Every now and again on a slow news day news outlets will carry stories about passengers scared, fearful, terrified because their flight did a ‘go-around.’ It sounds dramatic when a TV or radio newscaster explains that hundreds of passengers found themselves suddenly rocketing upwards as they expected to land … but go-around are a common every day occurrence for a variety of reasons.
The other day while in the car with my kids, flipping through the radio station at a red light, I stopped on a news story about passengers being terrified when their flight encountered a “rejected landing” at a height of 300 feet above the runway due to weather and atmospheric conditions. The newscaster never explained what the weather or atmospheric conditions were, but it sure sounded dramatic … but what struck me was the use of the term ‘rejected landing,’ evoking images of passengers in danger and that the occurrence happened at an altitude of 300 feet.
First off, the term ‘rejected landing‘ is not an official or definable term. A rejected landing is merely the point at which a pilot decides to avoid continuing a landing that they deem to be unsafe, or an air traffic controller advises the pilot on final approach to go around. Generally the term ‘rejected landing’ is reserved for an aircraft putting its wheels on the ground, then needing to suddenly and rapidly climb at full power.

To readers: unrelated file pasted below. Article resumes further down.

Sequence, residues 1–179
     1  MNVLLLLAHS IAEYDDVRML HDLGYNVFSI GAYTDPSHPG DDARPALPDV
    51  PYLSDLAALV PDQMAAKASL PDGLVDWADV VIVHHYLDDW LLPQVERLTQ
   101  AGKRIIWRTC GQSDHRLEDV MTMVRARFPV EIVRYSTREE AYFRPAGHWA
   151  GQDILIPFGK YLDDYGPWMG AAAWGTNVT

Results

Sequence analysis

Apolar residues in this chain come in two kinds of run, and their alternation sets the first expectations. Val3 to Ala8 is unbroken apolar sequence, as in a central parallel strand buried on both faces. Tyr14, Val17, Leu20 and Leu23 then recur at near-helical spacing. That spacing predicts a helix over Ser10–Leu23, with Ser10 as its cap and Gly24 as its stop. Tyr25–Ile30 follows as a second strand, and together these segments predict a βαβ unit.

At an altitude of 300 feet above ground level the commercial flight in this news story would have been approximately 3/4 of a mile from touch down, with plenty of time for the pilots or air traffic control to determine the aircraft needed to loop around and try again … but than again with the news story not providing any details, including leaving out what flight it was … we may never know what happened.
So what is it passengers find scary about a their flight going around for another approach? Frequent traveler Matt Soleyn believes “Passengers don’t like the descent suddenly being interrupted by the pilot pulling up with maximum throttle. ” I can see where this could be disconcerting, however passengers should consider the alternatives to this …the alternative is that the aircraft may encounter less than safe conditions.
Passengers need not be afraid when their aircraft goes around. A pilot climbing and increasing power to the engines, at any altitude during the final approach, means that the aircraft is still flying and the pilot has control of the aircraft. These should be calming signs to passengers, rather than scary signs.
What can cause a go around? Weather, wind, visibility, wake turbulence from another aircraft, a foreign object on the runway, another aircraft not clearing the runway,pregnant turtles on the runway (seriously, this happened at New York’s JFK), a rouge Jeep Grand Cherokee on the way (seriously, this happened in Philadelphia), a plane coming in to high, a plane coming in to low … and many other factors that the pilots and air traffic control use to determine if a flight needs to go around and try the approach again.
Yes, aircraft needing to go around makes a nice catchy sound bite filling a thirty second to a minute news slot, but for passengers, there is nothing to worry about. If the flight you are on is flying, especially upwards, sit back, relax and watch the scenery outside the windows.